by Danny Goodman
After Ray collapses on the sidewalk outside a New York coffee shop, the bittersweet vagaries of his long marriage come into focus, one heartbeat at a time. From his new vantage point, flat on his back, all their conflicts are laid out against a canvas of sky, contrasting miscommunications and infidelities against something slower, steadier, and ultimately much vaster than he ever realized.
WHILE I WAS ON a business trip in Paris, Estelle took my clothes to the homeless shelter in the basement of St. Vincent de Paul. Not all of my clothes — just those that had not been worn since the Reagan administration, as she put it. But other than the clothes in my suitcase and on my person, only a few random articles were spared. She failed to tell me until I returned home.
I remained calm. No yelling. Deep breaths. Remembered what Dr. Smith said: find home, Ray. That place where everything makes sense and nothing is wasted. What the hell did he know.
My serenity lasted all of two minutes. I brought up events long since put to rest: when Estelle accidentally abandoned our first dog, Audrey Hepburn, at the pet store for nearly ten hours; when we were in Fleischmanns at the cabin and Estelle left the Volkswagen in neutral and it rolled down into the pond; when I came home early from the office that day in 1988 and I was sure I saw the postman scurry off down the street.
Your baloney always comes in threes, Estelle said.
She looked at me with those eyes, the kind that made me want to smack her and hold her and leave her all at the same time. I would do none of those, of course. Instead, I stopped talking. I grabbed my hat—perhaps an article which should have been cast off in donation—and let the apartment door rattle the walls as it closed.
In the stairwell, I said hello to our downstairs neighbor, Karen, whose husband had recently passed away. Cancer. Awful business. She carried a weight in the skin beneath her eyes. I put my hand on her shoulder as we exchanged goodbyes.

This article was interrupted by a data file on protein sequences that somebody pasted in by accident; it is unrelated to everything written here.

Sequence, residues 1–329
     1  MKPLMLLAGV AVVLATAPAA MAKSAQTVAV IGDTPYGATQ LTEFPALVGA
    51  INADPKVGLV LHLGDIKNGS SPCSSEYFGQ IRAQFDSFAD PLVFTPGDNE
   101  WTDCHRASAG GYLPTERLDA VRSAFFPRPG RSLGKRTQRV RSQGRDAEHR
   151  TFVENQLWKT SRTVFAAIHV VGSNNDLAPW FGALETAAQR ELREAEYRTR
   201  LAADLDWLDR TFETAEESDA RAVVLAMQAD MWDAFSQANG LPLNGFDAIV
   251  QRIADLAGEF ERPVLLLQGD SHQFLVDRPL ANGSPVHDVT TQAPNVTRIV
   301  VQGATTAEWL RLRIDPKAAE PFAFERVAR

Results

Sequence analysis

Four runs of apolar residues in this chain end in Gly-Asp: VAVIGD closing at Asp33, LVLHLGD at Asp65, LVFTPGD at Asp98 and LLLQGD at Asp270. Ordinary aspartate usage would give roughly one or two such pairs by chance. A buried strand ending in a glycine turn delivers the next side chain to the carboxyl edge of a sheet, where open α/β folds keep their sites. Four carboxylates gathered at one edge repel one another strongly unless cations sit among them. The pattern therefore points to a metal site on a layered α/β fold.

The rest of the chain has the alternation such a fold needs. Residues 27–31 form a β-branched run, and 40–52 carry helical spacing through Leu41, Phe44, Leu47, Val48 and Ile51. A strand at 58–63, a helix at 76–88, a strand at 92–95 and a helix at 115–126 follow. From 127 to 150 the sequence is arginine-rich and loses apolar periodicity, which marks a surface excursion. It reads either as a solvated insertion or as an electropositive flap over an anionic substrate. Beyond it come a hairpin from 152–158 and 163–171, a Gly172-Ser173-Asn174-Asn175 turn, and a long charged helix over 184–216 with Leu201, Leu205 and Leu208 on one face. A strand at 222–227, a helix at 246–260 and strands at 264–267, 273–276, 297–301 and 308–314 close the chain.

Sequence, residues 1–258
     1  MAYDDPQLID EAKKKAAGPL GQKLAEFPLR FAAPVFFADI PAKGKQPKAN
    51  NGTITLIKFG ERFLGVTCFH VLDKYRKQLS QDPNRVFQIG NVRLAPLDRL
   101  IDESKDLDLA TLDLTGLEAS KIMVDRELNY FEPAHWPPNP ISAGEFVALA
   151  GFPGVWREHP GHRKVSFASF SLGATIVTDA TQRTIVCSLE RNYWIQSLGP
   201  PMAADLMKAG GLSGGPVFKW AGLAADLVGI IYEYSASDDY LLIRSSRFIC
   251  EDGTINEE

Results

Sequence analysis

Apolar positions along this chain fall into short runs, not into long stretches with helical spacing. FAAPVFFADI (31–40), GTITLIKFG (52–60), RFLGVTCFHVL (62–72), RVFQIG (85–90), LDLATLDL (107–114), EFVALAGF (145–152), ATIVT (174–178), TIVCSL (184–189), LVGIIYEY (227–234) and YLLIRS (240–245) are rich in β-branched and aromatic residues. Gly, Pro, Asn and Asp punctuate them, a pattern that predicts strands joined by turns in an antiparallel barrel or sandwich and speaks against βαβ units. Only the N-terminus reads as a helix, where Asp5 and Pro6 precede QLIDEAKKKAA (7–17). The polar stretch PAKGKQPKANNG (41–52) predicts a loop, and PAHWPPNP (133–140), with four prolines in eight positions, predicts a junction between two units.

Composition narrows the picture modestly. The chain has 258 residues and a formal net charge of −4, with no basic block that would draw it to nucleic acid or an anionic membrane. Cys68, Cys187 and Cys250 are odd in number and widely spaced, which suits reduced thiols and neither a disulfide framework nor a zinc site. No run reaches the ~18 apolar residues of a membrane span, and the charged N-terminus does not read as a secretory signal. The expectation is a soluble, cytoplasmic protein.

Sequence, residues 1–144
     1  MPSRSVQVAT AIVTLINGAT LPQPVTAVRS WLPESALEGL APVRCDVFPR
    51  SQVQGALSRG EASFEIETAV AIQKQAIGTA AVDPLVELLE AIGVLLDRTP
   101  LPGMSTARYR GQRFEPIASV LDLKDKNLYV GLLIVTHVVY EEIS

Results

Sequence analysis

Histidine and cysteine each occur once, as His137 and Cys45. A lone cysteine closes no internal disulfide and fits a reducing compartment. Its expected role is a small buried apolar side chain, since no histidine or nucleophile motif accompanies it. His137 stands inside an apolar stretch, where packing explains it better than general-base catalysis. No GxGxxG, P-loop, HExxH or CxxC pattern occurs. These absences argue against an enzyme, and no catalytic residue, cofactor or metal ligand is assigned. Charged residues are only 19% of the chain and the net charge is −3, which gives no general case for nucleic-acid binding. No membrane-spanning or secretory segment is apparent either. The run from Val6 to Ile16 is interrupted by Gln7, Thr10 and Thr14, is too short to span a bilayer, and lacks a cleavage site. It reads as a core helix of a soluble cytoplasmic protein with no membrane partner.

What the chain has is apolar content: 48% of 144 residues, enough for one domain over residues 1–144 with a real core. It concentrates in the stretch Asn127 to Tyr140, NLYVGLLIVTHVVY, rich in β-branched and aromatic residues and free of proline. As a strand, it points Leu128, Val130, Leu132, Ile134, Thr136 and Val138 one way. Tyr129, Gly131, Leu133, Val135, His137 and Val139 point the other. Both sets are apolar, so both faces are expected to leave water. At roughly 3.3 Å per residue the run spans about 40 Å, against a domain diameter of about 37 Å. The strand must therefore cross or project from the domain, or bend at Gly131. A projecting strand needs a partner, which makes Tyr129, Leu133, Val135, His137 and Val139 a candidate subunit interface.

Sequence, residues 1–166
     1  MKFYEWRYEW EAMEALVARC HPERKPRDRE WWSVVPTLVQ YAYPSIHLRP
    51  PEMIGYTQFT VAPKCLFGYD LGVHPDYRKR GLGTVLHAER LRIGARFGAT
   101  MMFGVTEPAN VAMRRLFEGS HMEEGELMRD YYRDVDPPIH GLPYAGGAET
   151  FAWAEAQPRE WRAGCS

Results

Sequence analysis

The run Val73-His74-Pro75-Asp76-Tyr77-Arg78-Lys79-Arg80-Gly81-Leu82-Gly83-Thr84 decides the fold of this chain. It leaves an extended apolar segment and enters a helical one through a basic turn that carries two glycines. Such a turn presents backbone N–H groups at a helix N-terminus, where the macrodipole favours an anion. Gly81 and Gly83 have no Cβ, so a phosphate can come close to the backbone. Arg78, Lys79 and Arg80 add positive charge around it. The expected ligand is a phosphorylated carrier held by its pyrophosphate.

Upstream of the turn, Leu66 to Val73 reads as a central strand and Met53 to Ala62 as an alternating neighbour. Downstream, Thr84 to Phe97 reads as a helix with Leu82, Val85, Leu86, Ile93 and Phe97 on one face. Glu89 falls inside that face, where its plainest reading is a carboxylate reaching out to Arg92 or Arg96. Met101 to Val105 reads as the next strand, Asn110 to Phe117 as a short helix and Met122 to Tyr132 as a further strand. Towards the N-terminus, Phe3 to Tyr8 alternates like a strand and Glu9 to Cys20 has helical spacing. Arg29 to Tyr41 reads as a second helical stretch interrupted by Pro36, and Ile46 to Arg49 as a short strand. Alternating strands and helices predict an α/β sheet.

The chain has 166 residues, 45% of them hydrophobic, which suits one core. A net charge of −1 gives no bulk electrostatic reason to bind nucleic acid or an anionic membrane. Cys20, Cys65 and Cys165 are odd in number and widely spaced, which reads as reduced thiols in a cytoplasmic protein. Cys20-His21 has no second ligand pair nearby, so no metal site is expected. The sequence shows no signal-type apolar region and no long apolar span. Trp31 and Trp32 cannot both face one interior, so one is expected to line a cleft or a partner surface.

Outside, the city was sullen and soaked in summer. Taxis lined Eighth Avenue, motionless. I peered uptown. A fire engine and garbage truck had collided in the intersection. The asphalt swirled and bent. The city was magic then, Estelle would say, when the streets became supple from the heat. My soles felt as if they could melt as I moved across the avenue. I thought of going to the shelter, reclaiming my clothes, but somehow the idea filled me with guilt.
Further down the street a sign, a simple drawing of a frowning face, hung above a coffee shop and grabbed my attention. I was not one for drinking coffee—Dr. Smith said caffeine exaggerated my condition—but at the moment I lacked the capacity to care. Maybe I needed some ferocity. Estelle always called me apathetic, and I responded the same every time: I’m not pathetic. She would shake her head and say there was very little difference in our arguments. The thought of her in my head, like some sort of parasite, tied me up.
The coffee shop was cramped inside. The man behind the counter, unshaven for days and with a kind smile, asked what I wanted, and I told him I had no idea. He laughed and suggested coffee from Ethiopia. I must have made a face because he continued that it was sweet and bold and I would certainly love it. I wasn’t aware that coffee, or any beverage, could be bold. Somehow, though, it seemed to be what I needed, so I nodded and watched as he tossed whole beans into a grinder.
As it brewed, I asked about the machine, which made only one cup at a time and seemed like something out of Star Trek. The man said they were new, the next big thing, that soon everyone would be using them. He smiled again, his broad grin showing off a set of perfect teeth, and assured me that it would be the greatest cup o’ joe I’d ever had. Also, he said, I love your hat. I looked up without moving my head and nudged the brim north on my forehead. You look like Joseph Mitchell, he said. I thanked him, taking a deep inhale of coffee through my nose.
In the corner, a young couple fought. About what, I couldn't be sure, but I found a barstool close by and listened.
Come on, Betts, the young man said, we need a good day. We can’t do this every time.
She shook her head, vehement in the stance. She leaned back and revealed a baby boy, no more than two or three months old in a carrier on the seat beside them. She rubbed his chubby cheek, and he gargled a laugh.
Don't call me that, she said. That's not my name.